"In order to reach these startups effectively and establish strategic partnerships, we need to do a lot of engagement," Beal tells CIO.com, adding that the reverse pitch can help with that effort.

By April 1, Bayer's G4A plans to post 8 to 12 "challenge statements" geared toward improving the patient health experience in areas such as radiology, oncology, cardiovascular and women's health. Those challenges will remain open for two months, after which Bayer will review them internally to assess solution quality and partnership fit. If all goes well, the startups/entrepreneurs could sign a letter of intent to work with Bayer by October, Beal says.

"Being able to show them what we go through [in the hunt for new solutions] is a great display of reciprocity,” Beal says.

$18 billion Highmark Health also needs to partner and source technology from many different places to solve health-care problems, says Sarah Ahmad, senior vice president of innovation and transformation strategy for the integrated healthcare provider, which has 5 five million members and eight hospitals.

Highmark is looking for point-of-care solutions that help patients and companions navigate a hospital visit, as well as tools that can harness data to better personalize care needs and make processes more efficient for clinicians, Ahmad says. She adds that it's incumbent upon health-care providers to provide patients personalized support at the right time. "We have to be high tech and high touch," Ahmad says. "The ideal would be a bit of both."

Startups and entrepreneurs needn't hail from the health-care sector to work with Highmark. The company's "challenge statements" are intentionally broad to encourage a range of potential partners, Ahmad says. Ideally, solutions will be in line with the human-centered design practices Highmark has embedded in its organization. "We want to source ideas from any place to solve a problem," Ahmad says. The early response from the InnovationWorks event was positive, as attendees offered up potential ideas to Highmark attendees, she says.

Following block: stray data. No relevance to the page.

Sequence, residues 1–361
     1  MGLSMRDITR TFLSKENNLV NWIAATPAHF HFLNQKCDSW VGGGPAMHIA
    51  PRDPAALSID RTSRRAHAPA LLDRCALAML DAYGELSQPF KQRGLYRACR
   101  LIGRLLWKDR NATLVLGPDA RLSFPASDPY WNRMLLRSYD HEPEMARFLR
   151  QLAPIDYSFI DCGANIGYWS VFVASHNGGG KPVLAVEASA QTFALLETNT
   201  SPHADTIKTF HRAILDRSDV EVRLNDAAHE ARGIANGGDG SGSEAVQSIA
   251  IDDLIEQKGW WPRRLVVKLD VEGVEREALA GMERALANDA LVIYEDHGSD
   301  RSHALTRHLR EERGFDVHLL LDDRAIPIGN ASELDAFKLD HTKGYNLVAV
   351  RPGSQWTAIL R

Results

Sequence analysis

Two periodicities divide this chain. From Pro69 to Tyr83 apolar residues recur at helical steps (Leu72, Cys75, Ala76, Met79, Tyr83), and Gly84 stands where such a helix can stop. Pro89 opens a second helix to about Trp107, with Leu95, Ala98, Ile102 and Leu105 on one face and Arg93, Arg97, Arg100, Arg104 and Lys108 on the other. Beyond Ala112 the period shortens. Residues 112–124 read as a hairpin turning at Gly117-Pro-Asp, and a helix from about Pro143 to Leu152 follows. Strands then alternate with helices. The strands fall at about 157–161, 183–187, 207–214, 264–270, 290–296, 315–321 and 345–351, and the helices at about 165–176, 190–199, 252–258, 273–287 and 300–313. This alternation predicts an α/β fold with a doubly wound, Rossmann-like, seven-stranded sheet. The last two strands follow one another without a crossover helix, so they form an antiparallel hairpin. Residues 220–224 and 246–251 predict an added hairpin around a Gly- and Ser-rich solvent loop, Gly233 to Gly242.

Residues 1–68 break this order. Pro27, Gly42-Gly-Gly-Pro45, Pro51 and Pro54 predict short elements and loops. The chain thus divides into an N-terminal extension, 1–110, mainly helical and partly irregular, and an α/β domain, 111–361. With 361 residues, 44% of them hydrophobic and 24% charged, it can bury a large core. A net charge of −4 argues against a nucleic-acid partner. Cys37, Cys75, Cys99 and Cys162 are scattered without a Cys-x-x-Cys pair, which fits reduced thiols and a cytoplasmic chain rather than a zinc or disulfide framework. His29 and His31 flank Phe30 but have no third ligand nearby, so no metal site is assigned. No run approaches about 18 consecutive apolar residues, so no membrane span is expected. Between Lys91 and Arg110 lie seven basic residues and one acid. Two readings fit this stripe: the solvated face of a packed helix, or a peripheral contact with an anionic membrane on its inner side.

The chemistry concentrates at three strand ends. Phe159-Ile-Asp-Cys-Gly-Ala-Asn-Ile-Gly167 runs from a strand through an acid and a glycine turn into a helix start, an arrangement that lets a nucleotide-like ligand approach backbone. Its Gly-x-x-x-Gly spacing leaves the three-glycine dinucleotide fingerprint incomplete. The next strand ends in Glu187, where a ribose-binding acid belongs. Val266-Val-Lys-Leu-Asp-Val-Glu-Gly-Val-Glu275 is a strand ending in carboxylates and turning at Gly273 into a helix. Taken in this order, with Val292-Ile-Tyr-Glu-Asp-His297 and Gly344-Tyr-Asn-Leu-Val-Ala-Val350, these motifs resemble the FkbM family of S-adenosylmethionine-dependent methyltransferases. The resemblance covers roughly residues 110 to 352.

Start local, think national

Reverse pitches have a local flavor to them, largely because it's easier to meet in metropolitan areas where several corporations may be headquartered. Large enterprises with the gravity pull of big revenues can court tech talent. This was the case for Northwestern Mutual Life Insurance, which in 2017 hosted a reverse pitch at its headquarters in downtown Milwaukee, Wisconsin.

The insurer invited entrepreneurs to learn about specific business challenges that existing vendors weren't addressing, including methods for automating procurement and identifying prospects, says Karl Gouverneur, head of digital innovation at Northwestern Mutual.

The event was successful enough that Northwestern Mutual hosted a second reverse pitch in 2018, seeking solutions for securing payments and streamlining medical record review, according to Northwestern's reverse pitch website. Teams that accept the challenge earn a seed investment of up to $85,000, access to corporate mentors and networks, and working space. If all goes well, startups can parlay the experience into more funding.

InnovationWorks' reverse pitch play has similar goal of stimulating the budding tech sector in Pittsburgh, where R&D activity is robust, says Bob Starzynksi, InnovationWorks' director of business development. He says that the reverse-pitch companies and several other enterprises are keenly interested in cultivating “innovation outside their own four walls.”

Starzynski says he plans to post the formal challenges the companies issue to the event’s website in April, with local and national cross-promotions on tap. Startups will submit proposals over the ensuing 8 weeks, after which the companies will invite entrepreneurs to formally review plans and, ideally, begin working together to bring the solutions to life.

Where it goes from there is anyone’s guess. "Time will tell how successful these reverse pitches will be," Starzynski says.

Copyright © 2019 IDG Communications, Inc.